The Chillicothe Constitution-Tribune from Chillicothe, Missouri on July 28, 1970 · Page 12
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The Chillicothe Constitution-Tribune from Chillicothe, Missouri · Page 12

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Chillicothe, Missouri
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Tuesday, July 28, 1970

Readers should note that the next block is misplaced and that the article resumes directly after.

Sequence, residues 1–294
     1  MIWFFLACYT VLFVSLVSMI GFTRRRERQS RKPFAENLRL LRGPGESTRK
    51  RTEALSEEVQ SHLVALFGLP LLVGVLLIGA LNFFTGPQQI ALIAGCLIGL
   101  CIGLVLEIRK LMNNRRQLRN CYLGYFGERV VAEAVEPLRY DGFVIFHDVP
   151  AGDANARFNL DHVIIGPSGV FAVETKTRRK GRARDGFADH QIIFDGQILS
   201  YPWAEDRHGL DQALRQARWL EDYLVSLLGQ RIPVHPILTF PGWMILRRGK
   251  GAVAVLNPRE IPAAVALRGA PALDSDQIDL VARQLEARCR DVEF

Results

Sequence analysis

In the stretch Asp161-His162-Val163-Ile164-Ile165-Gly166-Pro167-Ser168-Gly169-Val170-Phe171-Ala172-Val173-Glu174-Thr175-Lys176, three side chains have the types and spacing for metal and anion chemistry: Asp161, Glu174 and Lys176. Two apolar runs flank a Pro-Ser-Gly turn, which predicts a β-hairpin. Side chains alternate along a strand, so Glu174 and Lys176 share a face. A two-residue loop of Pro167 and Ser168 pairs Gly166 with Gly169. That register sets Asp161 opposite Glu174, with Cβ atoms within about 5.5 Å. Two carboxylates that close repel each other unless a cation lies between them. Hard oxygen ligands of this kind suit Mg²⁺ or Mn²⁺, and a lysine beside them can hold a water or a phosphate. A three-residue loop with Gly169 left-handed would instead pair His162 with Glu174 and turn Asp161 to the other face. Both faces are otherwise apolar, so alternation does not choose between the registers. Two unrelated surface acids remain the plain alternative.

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Brother Says linger Stevens Wrote Him She Wed Negro LOS ANGELES Ml — Fear Ing that her marriage to a Ne gro would harm her film career, the late Irager Stevens kept the union a secret, her brother has testified. Carl 0. Stensland, 84, who operates a restaurant in Harwich, Mass., said in Superior Court Monday his sister first told him of the marriage in a letter from Mexico City, which asked him to keep it a secret. Stensland testified in support of a petition filed by Isaac L. Jones which asks that he be appointed permanent administrator of the $171,000 estate left by Miss Stevens when she died April 30 from an overdose of sedatives. Jones, a businessman, says he married the Swedish-bora actress in Tijuana, Mexico on Nov. 18, 1061. Public Administrator BaiMo M. Kristovich contends that the couple never went through a valid ceremony. If the court denies Jones' petition, the estate will be divided between Miss Stevens' parents. local News Notes son, David, and a 4-year-old daughter, Sue Ann. Mr. Copeland is a general contractor with CopcJand Brothers Construction Company. HOUSEGUESTS Fred Churchill, Oklahoma City, Okla., who will be at the Richards-Gcbaur AFB for two weeks for reserve training, came Saturday, accompanied by his sister and nephew, Mrs. Larry Roe and son, Michael Todd. Mrs. Roe and MICHAEL Todd. Mrs. Roe and Michael days of her parents, Mr. and iMxs. Kenneth Cliurchill, 1900 Hoyt drive. Other guests during the weekend of Mr. and Mrs. Churchill were another daughter, Mrs. Robert Cumow «nd Mr. Curnow, Columbia. VACATIONED IN COLORADO Mrs. Bertie Camupbell returned Saturday from a 10-day vacation in Colorado. She was accompanied on the trip by Mr. and Mrs. Lawrence Underwood, Cameron, and Mrs. Ethel Harves, Independence. The group visited relatives in Olathe, Can- .on City and Colorado Springs. One day was spent tourimg mountains in the San Juan range. WEEKEND VISITORS Mr. and Mrs. Bryce Alien, Bon, Greg, and daughter, Stephanie, returned Sunday evening to their home in Indianapolis, Ind., after a weekend visit with Mrs. Men's mother, Mrs. R. L. Thompson and olJher relatives and friends. They attended the wedding of Miss Jayne (Burton and Larry Wayne Hud- gina Sunday afternoon. Mrs. Alva Allen accompanied her son and family to tihoir home in Indianapolis. ANITA SUE DOWELL Mr. and Mrs. David Dowel of 316 Wobstcr street have se- ected the name of Anita Sue for their 6-pound, 11-ounce u'ghter born at 11:53 Saturday mom ing, July 25, at the Jhillicothe hospital Anita Sue .s the Dowclls" first child. Mrs. Dowell is the former Sue Roney. Mr. and Mrs. Virgil Dowell of 415 Olay street are the pat- tcrnnl grandparents and Mr. and Mrs. Russell Roney of 307 Ierrim-an street are the nva- ial grandparents. Mrs. Ben teaman and Mr. and Mrs. Cheser Thompson of this city are lihe paternal great-grandparents and Robert Newton of Bogard is Iho maternal great-grandifath- sr. VISITED IN KANSAS CITY Mr. and Mrs. Bill Campbell «nd son, Robert, and daughters, (Brendia and Diana ami Mrs. (Mary Gwin spent Sunday in Kansas City. They spent the wfternoon at Swopo Park at the BOO. They were guests for dinner at the Golden Buffet. In *he evening tlhcy visited in the tome of Mr. and Mrs. Chester Campbell in Smithville. Mr. Campbell is recovering from recent knee surgery. LINVILLES LEAVE Mr. and Mrs. Wiley (Bud) Linville and sons, Todd and Trent, left Sunday for their (home in Colorado Springs, Colo., after a 3-wcok visit in Chillicothe with Mrs. Linvi'He's mother, Mrs. Lida Stewart; Mrs. Linville's brother, Hubert Stewart; Mrs. Linville's sister, Mrs. Howard Meneoly, Mr. Meneefly, and family, and other relatives and friends. DAUGHTER ARRIVES Mr. and Mrs. Joseph Michaels of Brayimer, announce tlie birlh of an 8-<pound, 13V&-ounce, daughter at 3:40 o'clock this morning at the Chlllicotlhe hospital. ADMITTED TO HOSPITAL Persons admitted to the hospital today arc Mrs. May Ayo, 902 Vine street; Mrs. Rotf Browning, 374 Woodrow; Emery Boucher, 1101 WeSb s t c r street; Mrs. Vern BmliiBf, Breck enrMge; Kenneth Ellis, Morcer; Guv Dennis, son of Mrs. Lucille- Watson, Browning; Mrs, Kara Golden. 1001 Frederick »nd Kevin WWtworth, son ol Mr. and Mrs. Gerald Whitwortih, 802 Eleventh street. LEAVE HOSPITAL Edgar ttattorPf, Bangimirn, Ark.; Marvin Fender, Jamesport; Gary Fisher, Dawn; Mrs Kathleen Gray, 1215 Walnut Street; Terrah Ireland, Ohula; Lisa Molohan, daughter of Mr and Mrs. Oscar Mollohan, RRD 4, Chillicothe; Howard Norman Wheeling and Monroe Petereo Braymer, have been rcleasec from the Chillicothe hospital. NOME FROM CHARLEVOUX Mrs. Atlee Mumpower re turned Sunday from Oh ante Voux, Mich., where she has been • guest in the home of her daughter, Mrs. Bed Williams Cmdr. Williams and family While there she attended the 1970 Venitian Festival, an an- Mial occasion. Mrs. Williams, the former Miss Dorlah Mumpower, served as a judge in the queen contest at. the festival, and Lyle Waggoner, a TV entertainer, crowned the queen. Cmdr. Williams of the U.S. Coast Guard has recently been transferred to Charlevoux from Oklahoma City. AT LAKE POMME DETERRE Mr. and Mrs. Kenneth Marks and Irma Lopez and Mr. snd Mrs. Virgil Griffiths, Chillicothe, spent, the weekend at Lake Pom mo tie Torre. DOWELLS ARE GUESTS Mr. and Mrs. Burnie Dowell visited in Brookfield Sunday with Mr. and Mrs. Ollie Hutchison, who were observing their 60th wedding anniversary. The Hutchisons are the parents of Mrs. Lcltoy White, Chillicolhe. The Dowclls also visited Mrs. Ann a Lewis at While Haven Rest Home in Brookfield. AT HICKMAN HOME Mr. and Mrs. Oral L. Fox and son of San Antonio, Tex,, who have been vacationing for three weeks at their farm home near Gait, and Mr. and Mrs, A. E. Clodife-lter of 1500 Calhoun street spent Sunday in and Mrs. Ralph Hickman. Mrs. Hickman is a sister of Mr. Fox and Mrs. Olodfeltcr. The Fox family will leave tomorrow for their San Antonio residence. CONTRASTING means of locomotion are used in Siberia to lay pipelines. Russian workmen cope with the icy environment any way they can to get the job done. THE HEINS RETURN Mr. and Mrs. Charles A. Hein, Sr., Charles, Jr., Diane, and Darrell, have returned to their ionic at (iOO Highland after a weekend vacation at Messin- ger'fl resort, Lake of the Ozarks. RETURN FROM TRIP Mrs. Roy Duny and Mrs. Bety Goodhart of CMHicobhe and Mrs. Riussoll Mill or and Miss -hcryl Miller of Kansas City have returned to their homes after a several days visit with Mrs. Dupy's daughter, Mrs. poan Nelson, Mr. Nelson, and iamily of Montkdilo, la. Be- bre returning home, they toured places of interest in HI- nois and Wisconsin. VISIT SKINNERS Mr. and M>ns. E. J. Jdhn of Harlan, la., were weekend guests of Mrs. John's parents, Mr. and Mrs. A. R. Skinner of Hade. NEELYS ARE GUESTS Mr. and Mrs. Carl C. Neeily, Jr., of Edigerton visited this weekend with Mrs. Neely's brother and sister-in-law, Mr. and Miis. Neal Raney of 1720 FairchHd. THE KEMPKINS LEAVE Mr. mud Mrs. Richard Komip- kin and Todd have returned to their homo in Houston, Tex., aider visiting in O'hiEicothc with Mrs. Keinrpkin'is grandparents, Mr. and Mrs. Jewell Jeffries and Mr. and Mrs. H. E. Collier, and o'lher relatives. DONNA RANEY VISITS Miss Donna Rwney, daughter of Mr. and Mrs. Neal Raney of J720 Fain-bile!, loft Saturday for a .several weeks visit in Pear- and, Tex., with her aunt, Mrs. LiToy JoUrlcs, Mr. Jeffries, and Maria. AT GRAIN RESIDENCE Mr. and Mrs, Ronald ("Vain and family oif 1:111 Woibslor street have had as their /.guests rwcenl'Ty Mr. and Mrs. II. E. no.ag.Hn, Barlow, Fin.; Mr. and Mrs. John Iloawlln, Babson Park, Fla.; Mr. and Mrs. L. T. llnrlan, HHlsboro, la.; Mr. and Mrs. Richard Broussenu, De troit, Mich.; Mr. and Mrs Edwin IIoH.r'lin, Houston, Tex.; Mr. and Mrs. Nick Cioffi, West Palm Beach, Fla., and Mr. nnd Mrs. Richard Benedict and (family, IliMsboro, la. GUESTS OF MILLERS Mr. and Mrs. Raymond MiH- er of RFD I havo had as their guests the last several days Mr Millor's brother, Frank Miller of Oklahoma City, Okla., imt his son and dnuwhtor-in-law, Miami Mrs. Charles Miller of Fort Worth, Tex. While in ChiWko the, the Ml liters also visited other relatives. _ PRIZE WINNER Anna Ewing of RFD 5, Chilli cothu, is the winner of a Coro nado portable television giver away Saturday at the loca Gambles store. WITH Mrs. Frank Ruth of 500V4 Locust street had as her guests today her sisters, Mrs. Hugt Tinnen of Plattsburg and Mrs Howard Hoover and Mrs, Nor ris Ila-msey of Princeton. John Neill Dies; Was Retired Rail Conductor John Neill died Saturday al- ternoon at McLarney Manor in Brookfield, where he had been a patient for three months. Mr. Neill was a retired conductor on the Burlington Railroad. A son of John T. Neill and Mary (McGlure) Neill, he was born Nov. 13, 1887, at Tin a. August 3, 1924, he married Pearl Penney. She died April 11, 1969. Mr. Neill served hi France and Germany during World War I. He was employed by the Burlington as a brakeman in January of 1910, promoted to conductor in June of 1920, and retired Jan 1,. 1958. Ho had been a member of the United Transportation Union since 1910. He was a member of (he Burlington Veterans, and :he M-asonic lodge. Mr. Neill is survived by two sisters, Mrs. Wynefred Shields, and Miss Olive Neill, Kansas 3it; two brothers, Wilbur M. Lincoln, Neb., and Frank M. NeiM, Seal Beach, Calif. Funeral services were hefld at 1 o'clock this afternoon at ho chapel of the Wright Funeral home in Brookfield. The Rev. Robert W. Payne officiated and burial was in the Park Lawn Memory Garden at Brookfield. Bombs on Road Halt Traffic at Springfield SPRINGFIELD, Mo. (AP) A load of <10 bombs each weighing 900 pounds was spilled along Interstate 44 six miles west of Springfield today when a tractor-trailer unit went off the highway and overturned. Demolition teams from Ft. Leonard Wood, Mo., were summoned and ordered a limited evacuation of the area while gathering up the spilled ordnance. Traffic was halted and residents within a mile of the scene were ordered to move to safety or to stay within buildings. Firemen began washing spilled gasoline from the highway even as the first demolition experts from Ft. Leonard Wood arrived by plane and Inndod on the highway. Other aid was coming by convoy. The highway patrol Identified tho driver as William Frank Miller Jr., 25, of Oklahoma City. He was treated and released at Cox Medical Center In Springfield. The driver told the patrol he apparently had gone to sleep just before the truck edged off the highway. He tried to pull the vehicle back on tho pavement and it overturned. HEAT TO HANG ON REST OF WEEK KANSAS CITY Ufl — Fotr the- rest of tho week Missouri qxwt warm weather with afternoon kMnperaiki'i-es in the OOs and nighttime lows in the 60s and 70s. Some scattered afternoon and nighttime thundershowors ore likely. Tho state's top temperature Monday was 98 in Kansas Ci'ty mid the low overnight was 65 In Springfield. Th«ro was a scattering of moistui'o with .15 at Springifidld, .14 at Cape Glrnrdcau, and .03 •at St. Louis and Vkhy. St. Jo- sq>h has a trace. U. S. Air Strike! Among Biggest of Entire War Linh military headquarters and a refugee camp five miles south of tho demilitarized zone killing 01 i-. 1 militiaman and nine civilians at the refugee camp. F|vo enemy wore known dead, a spokesman said. In Cambodia, North Vietnamese and Viet Cong troops smashed through government positions on the Kiri Rom plateau Monday and drove half Hh« defenders off, military officials said. Officers said no uc\jv fight- ing was reported today. The sources said only two battalions of Cambodian troops — perhaps 700 soldiers — still held positions on Kiri Rom, a 2,000- foot mountain resort 60 miles southwest of Phnom Penh, while the other trying to two battalions regroup half were way down. Three other government battalions suffered heavy casualties earlier in the 18-day battle for Kiri Rom, Cambodia's bloodiest battlefield. Only Bidder Gets Town House Hotel For $1,000,500 KANSAS CITY, Kan. HI The Wyandotte Hotel Co. Inc., tho only bidder, bought the Town House Hotel at public auction Monday for $1,000,500. A U,S. District Court ordered the sale to satisfy a first mortgage of $543,349 held by Equitable Life Insurance Co. of Des Moines, plus interest, and for back taxes and interest on a second mortage of $297,500 held by Wyandotte Hotel Co. The 14-story, 250-room hotel was built in 1951 by Wyandotte Hotel Co. as sort of a public project with widespread local support. It flourished for a decade, then be.gan runniiiig into fuiia-nda! trouble. The court ordered it closed and padlocked June 22. John W. Breiidenihal, board member of the Wyandotte Hotel Co., s-aad the firm would try to sell the Town House to a concern that will operate it as a hotel. Some Area Towns Grow, Some Lose Population 10,830 in 1970. Macon, 16,473 in I960 and 15,166 in 1970. Ray, 16,075 in I960 and 17,413 in 1970. Saline, 25,148 in 1960 and 24,580 in 1970. Worth, 3,936 in 1960 and 3,228 in 1970 Columbia Independence Kansas City St. Joseph St. Louis Springfield Cities 1960 36,650 62,328 475,539 78,588 750,026 95,865 1970 56,946 110,790 495,405 71,996 608,078 118,950 Local Markets KANSAS KANSAS CITY CITY PRODUCE (AP)—Whole- salo eggs: large, 80 per cent A 33-39; medium, 80 per cent A 22-29. Butter unchanged: grade A Ib, solid 85; grade A Ib, quarters 86. KANSAS CITY LIVESTOCK KANSAS CITY (AP) — Cattle 700; calves 25; steers and heifers steady to 25 lower; cows steady to strong; feeders steady; high choice and prime steers 81.25-50; choice 30.0031 00; Rood and choice 29.25-30; good 27.00-29.00; high choice and prime heifers 30.00-25; choice 29.00-75; good and choice 28.2529.00; good 26.00-28.25; commercial cows 19.00-75; utility 18.0075; utility 18.75-20.25; high dress- Ing 20.50; feeder steers and steor calves, high good and choice 325-500 Ib 34.00-35.00; 500650 yb 32.00-34.50; high good and choice 550-950 Ib 29.50-33.50 good 500-950 Ib 28.50-33.00; feeder lioif- ers and heifer calves, choice 250-350 Ib 32.00-35.00; high good and choice 350-750 Ib 28.00-32 50; good 500-700 Ib 27.00-30.00. Hogs 3,500; barrows and gilts fully 25 lower; 1-2 210-225 Ib 25.65-75; 1-3 210-250 Ib 25.25-50; 2-3 250-260 Ib 25.00-25; 1-3 190205 Ib 24,75-25.25; 3-4 285-300 Ib 22.50-23.50; 3-4 340 Ib 22.00; sows uneven, steady to 50 higher, 1-3 300-3(50 Ib 20.50-22.00; 300-400 Ib 19.50-20.50; 2-3 400-500 Ib 18.2520.00; 500-650 Ib 17.25-18.25. Sheep 200; lambs steady to 25 higher; ewes steady; choice and few prime 26.50-27.75; shorn ewes, cull, utility and good 6.00 7.50. Head and use our classified adj. Dr. John Bousum, Father ol Jack Bousum, Dies r>r. John G. Bousum, father of Jack Bousum, 1310 Walnut street, died Monday afternoon at a hospital in Springfield, where he had been a patient a month. Memorial! services will be held at the chapel of Faucetts Funeral Home in Mt. Vernon Thursday morning at 10 o'clock. The funeral party will come to Chillicothe immediately after the services for a viewing and graveside service at Resthaveri Memorial Gardens at 5 o'clock in the afternoon. Dr. Bousum, who was 72, was 'born in Pennsylvania. He was a physician in Hamilton from the early 1920s to 1953, when he became ill and went to Mt. Vernon for Ms health. When he recovered, he remained in Mt. Vernon for a residence and was a physician there. Dr. and Mrs. Bousum rrere in Chillicothe June 19, »t the time he observed his birthday anniversary. Shortly after returning to Mt. Vemon, he was mak- in/g a house call and suffered a fractured hip. In addition to his son, he Is survived by his wife, Mrs. Anna Bousum; a sister, Mrs. Wilfred Burton, Miffilintown, Pa.; two grandsons, John and Roger Bousum, and a granddaughter, Barbara Bousum. CHURCH HAS DISPLAY TWO DAYS AT BANK Residents of Chillicothe the area are invited to view a display presented by the Church of Jesus Christ of Latter Day Saints on Thursday and Friday, July 30 and 31 in the Community Room of the Chillicothe State Bank. Materials In the display are reproductions from the New York World's Fair and within it will be a short history of the church and this area. There will be free literature for those who are interested Representatives will be there to answer questions and to help with the display. Democrats to Hold Control of House Missouri Republicans Unlikely To Shakt Grip In 1970 Elections JEFFERSON CITY W) The final composition of the Missouri House of Representatives in 1971 won't be known until after the November general election, but the Democrats are practially certain of retaining control. That conclusion can be drawn by the way the races in the 163 House districts already are shaping up. The House is Democratic now, 196-57. For instance, 18 Democrats are automatically reelected, while only five Republicans are In that fortunate position. The Republicns have no candidates running in 35 of the 163 districts, while the Democrats failed to file in only nine districts. But 93 Republicans will sail through the Aug. 4 primary election with no opposition until the November general election. Seventy Democrats have no primary contests. The House ma|ority leader, Rep. Richard J. Rabbitf of St. Louis, is one of the 18 Democrats who have no primary or general election opposition. The ethers are: Reps. Alex J. Fazzino and Phil Snowden of Kansas City; John P. O'Reilly, Thomas A. Walsh, Paul J. Simon and Russell Coward of St. Louis; Dick D. Dale of Richmond, W. D. Hibler, Jr., of Brunswick, Charles H. Dickey, Jr., of Mexico, D. R. (Ozzie) Osburn o* Palmyra, Edward M. Cannon of Troy, Bill J. Criigler of Fayette, Earl L. Sponsler of Oalbool, James Cordeli Skaggs of Ellington, Don Hancock of Dondphan, Fred DeFeM of Charleston and Vic Downing of Bragg City. Republicans automatically re-elected are Reps. M. C. (Mike) Bauer, R.Beth- any, Ralph Uthlaut, Jr., of New Florence, Melvin Vo- gelsemeier of Concordia, John T. Russell of Lebanon and Granvil B. Vaughn of West Plains. Gravesville Park Complaints Aired no parking signs to the residential side of the street if that is what the people want. "Of course, that would mean everybody, including the residents." Kline indicated that the city would now wait to see if the residents want to ban parking on their side of the street instead of the ball field side. Councilman Larry Dayton commented of the parking situation that he believes people will learn to live with it. Cook suggested that if people want to do away with the Gravesville park then the board had just as well close it and sell the property. Mayor Kline said he also was told that motorist* are parking in front of fire plugs and instructed Chief of Police Junior Cobb to have his officers give tickets to anyone parking in front of a fir* plug or blocking a drive. City Atty. Robert Pyatt said vehicles are not to be parked within five feet of a plug. Joseph Kinsella, member of the Board of Hospital Commissioners, and Hospital Adminis- trator Paul Shelfon met with the council and Street Commissioner Atlee Mumpower over a matter of who's going to surface the new hospital parking lot. The mayor said there had been a "misunderstanding" over whether the blacktopping of the lot is to be done by the city or by some private contractor. Mumpower said that the parking lot is not ready for surfacing, that it needs time for compaction, and reported that his street crew right now is busy doing street work. He said that if he doesn't get the street work done next winter he will get complaints from residents. Mayor Kline noted that the parking lot Isn't ready for blaektopping to asked hospital officials to ask for bids from private firms to see how much difference there would be between what it would cost if the city does the work and the cost if privately contracted. Shelton and Kinsella said they would ask for bids. Kinsella indicated that he thought bids could be had from a couple of firms. He said he understood a firm at Trenton is doing asphalting in the area as well as a Chillicothe company. Three ordinances were approved by the council. One was a $1,700 transfer of funds from the special street fund to the street fund. Ordinances 70-14 and 70-15 were approved setting up billings to property owners on streets currently being asphalted. €•*•*!( ution-Tribun* Chillicothe, Mo. Tuesday, July 28, 1970 4 Sears to Build World's Tallest Structure CHICAGO (AP) — Sears, Roebuck and Co. unveiled plans Monday for the world's tallest building, a 109-story structure. To be erected on the near West Side by 1974, the 1,450-foot structure will contain 4.4 million gross square feet, making it the largest private office building in the world. The building will serve as Sears' main office with the firm occupying more than half the structure. Gordon M. Metcalf, Sears chairman, said the building will be called Sears Tower and will cost more than $100 million. The exterior will be made of black aluminum and amber glass. Architects are Skidmore, Owings & Merrill of Chicago. Sears Tower will be 100 feet higher than the World Trade Center under construction in New York City. Metcalf said Sears will finance the construction. Sears is the world's largest retailer. In 1969 it recorded net sales of nearly $8.9 billion. MIA FARROW'S LOVER DIVORCES HIS WIFE LOS ANGELES M» — Dore Prevbi, 44, and her composer- eonduetor husband Andre, 41, who lathered twins born to actress Mia Farrow, have dissolved their marriage of nearly 11 yeans. Pre/vdn, conductor of the London Symphony, filed the divorce petition claiming irreconcilalble differences. Mrs. Previn, separated from Iher husband since February 1969, did not contest the petition. The couple agree Monday to equal distribution of an undisclosed amount of community property, including royalties on songs they have written together. Youth Indicted in Girl's Strangulation Elghteen-Year-Qld Hod Dare With Jo Ellen Welgtl HARRISONVILLE, Mo. Wl— A Cass County grand jury hai indicted Michael Lewis Cline, 18, in the murder of Jo Ellen Weigel at Lake Winnefoago and the FBI is looking for him. Cline is wanted on a federal warrant charging unlawful flight to avoid prosecution, an FBI spokesman said Monday night. The body of Miss Weigel, T8, was found floating in Lake Winnebago In northern Cass County July 5. The body was wrapped in fish net and weighted with a concrete block and two water jugs. An autopsy showed she had been strangled. Her parents, Mr. and Mrs. Joseph Weigel of Lee's Summit, Mo., told police they last saw their daughter when she left on a date with Cline July 2. Cline's parents, Dr. and Mrs. Donald Cline, live in the Laka Winnebago housing development. The father is a veterinarian. The youth left on a student tour of Europe and Israel the day the body wa* found. He returned July 9 but declined to talk to police. The grand jury wais impaneled Thursday, the first in Caw County in 24 years. The indictment was returned Friday. Officers said dine apparently left fue area Friday. DEBBIE LOLLAR IS PRINCESS CANDIDATE Miss Debbie Lofflar, 13, ban been chosen to represent th« Rich Hill Junior Workers 4-H club this year as a Princeai candidate. She is the daughter of Mr. and Mrs. Wayne LoBlar, RFD 5. Chillicothe. Debbie will be an eighth grader this fall ait the Ohilrcoth* junior high school. This is her first year in 4-H and she is taking Sewing HI and beef. She. is a meimber of the Union Baptist Church and is active in Girls Auxiliary. MISSOURIAN AMONG 24 KILLED IN VIETNAM WASHINGTON W — TJb.« names of 24 men are on *he lait- est casualty list from the war in Southeast Asia. Included are: Kansais-Army 1st Lt. Lanny J. Waillace, son of Mr. and Mr*. John W. Wafflace of Wichita; Pvt. Christopher Gutierrez, son of Mrs. Frances Gutierrez of Wichita. Missouri-Army Pfe. Francis E. Maune, son of Mr. and Mr*. Frank H. Maune of Washington. TV Program Listings 2—KQTV 3—KTVO-TV 4—WDAF-TV 5—KCMO-TV 9—KMBC-TV Program listings are provided by tht Individual stations which «r« responsible for their accuracy. TUES, NIGHT 6 p.m. 2-3-4-5-9 News 6:30 p.m. 2-3-9 Mod Squad 4 Jeannie 5 Tuesday Night Movie —Billie 7 p.m. 4 Debbio Reynolds 7:30 p.m. 6:10 a.m. 5 One Way To Safety 6:25 a.m. 5 Sunrise Semester —Eisenhower 6:45 a.m. 3 Morning News 6:50 a.m. 4 Fashions in Sewing , 6:55 a.m. 5 Farm Facts 2-3-9 Movie of tho Week 9 Call to Worship 4 Julia 8 p.m. 4 Tuesday Night Movie 8:30 p.m. 5 Governor and J. J. 9:00 p.m. 2-3-9 Marcus Welby 5 CBS News Hour 10 p.m. 2-3-4-S-9 News 10:30 p.m. 2-3 Dick Cavett 4 Tonight Show 5 Merv Griffin 9 Theatre Nine 7:00 t.m. 2 Story of Jesus 3 Sesame Street 4 Today Show 5 News 9 Education '70 7:05 p.m. 2 KQTV News 7:15 a.m. 9 Smokey Bear 7:20 a.m. 2 KQTV News 7:25 «.m. 4 Newsbeat 7:30 a.m. —Lady of Burlesque 2 Smokey Bear 12 Midnight 8 KQTV News 3 TNT 4 Newsbeat 5 Late News 12:05 a.m. 5 The Late Show 4 Today 5 Whizzo 9 Popeye 7:45 1 Buck's Round-Up 8:00 a.m. 2 Sesame Street -Love Thy Neighbor 3 Romper Room 12:10 a.m. 2 Story of Jesus 12:30 a.m. 9 Strange Paradise WEDNESDAY 5:50 a.m. 5 Moment of Meditation 5:55 a.m. 5 Postmark Mid-America 5 Captain Kangaroo 8:25 a.m. 4 Newsbeat 8:30 a.m. 3 Fantastic Voyage 4 Today 9 Galloping Gormet 9 a.m. 2 Jack LaLanne 5 Call of the West 4 Betto Hayes 5 Lucy 9 David Frost 9:15 a.m. S Social Security 9:30 a.m. 2 Hillbillies 3-4 Concentration 5 Run For Your Life 10:00 a.m. 2 Andy Griffith 3-9 Bewitched 4 Sale of the Century 10:30 a.m. 2 Grace Crawford 3-9 That Girl 4 Hollywood Squares 5 Love of Life 11:00 a.m. 2-3 Best of Everything 4 Jeopardy 5 Where the Heart It 9 Peyton Place 11:25 a.m. S Flashback 11:30 a.m. 2 A World Apart 3-5 Search for Tomorrow I Who, What, Where Game 9 To Tell the Truth 11:55 a.m. 4 NBC News 12 Noon t Midday Report 3-4-5 News • Queen for a Day 12:15 p.m. I Town and Country Forum 12:20 p.m. 4 Fashions in Sewing 12:19 p.m. Z 9 Let's Make • Deal 3-5 As the World Turns « Life With Linkletter 1:00 p.m. 2-3-9 Newly wed Game 4 Virginia Graham 5 Love is a Many Splen- 2.34.5.9 News dored Thing 5 Walter Cronkite 9 Truth or Consequence! 6 p.m. 1:30 p.m. 2-3-9 Dating Game 4 The Doctors 5 The Guiding Light 2:00 .•> m. 2-3-9 Gcnei-al Hospital 4 Another World 5 The Secret Storm 2:30 p.m. 2-9 One Life to Live 3-5 Edge of Night 4 Bright Promises 3:00 p.m. 2-3-9 Dark Shadows 4 Another World 5 Gomer Pyle 3:30 p.m. 2 All My Children 3 A World Apart 1 Matinee Four — Port Sinister 5 Mike Douglas 9 Popeye 4:00 p.m. 2 Bewitched 3 One Life to Live 9 Batman 4:30 p.m. 8 That Girl 3 All My Children 9 Gilligan's Island $ p.m. 2 ABC Evening News 3 Let's Make a Deal 4 Rifleman 5 He Said, She Said 9 Newa 5:30 p.m. 2 Hazel 3 News 4 Huntley-Brinkley 6:30 p.m. 2-3-9 Nanny 4 Virginian 5 Where's Huddles 7 p.m. 2-3-9 Eddie's Father 5 Gomer Pyle 7:30 p.m. 2-3-9 Room 222 5 Beverly Hillbillies 8:00 p.m. 2-3-9 Everly Brothers 4 Music Hall 5 Medical Center 9:00 p.m. 2-3-9 Smothers Brothers 4 Then Came Bronson 5 Hawaii Five-0 10 p.m. 2-3-4-5-9 News 10:20 p.m. 3 Sports 10:30 p.m. 2-3 Dick Cavett i Tonight 1 Merv Griffin 9 Theatre Nine —The Eternal Sea 12 Midnight 2 KQTV News 3 TNT 4 Newsbeat 5 Late News 12:05 a.m. 5 Late Show —The Pursuit of Happiness 12:10 a.m. J Story of Jesus r-.:t-».m. 9-StranRP Paradise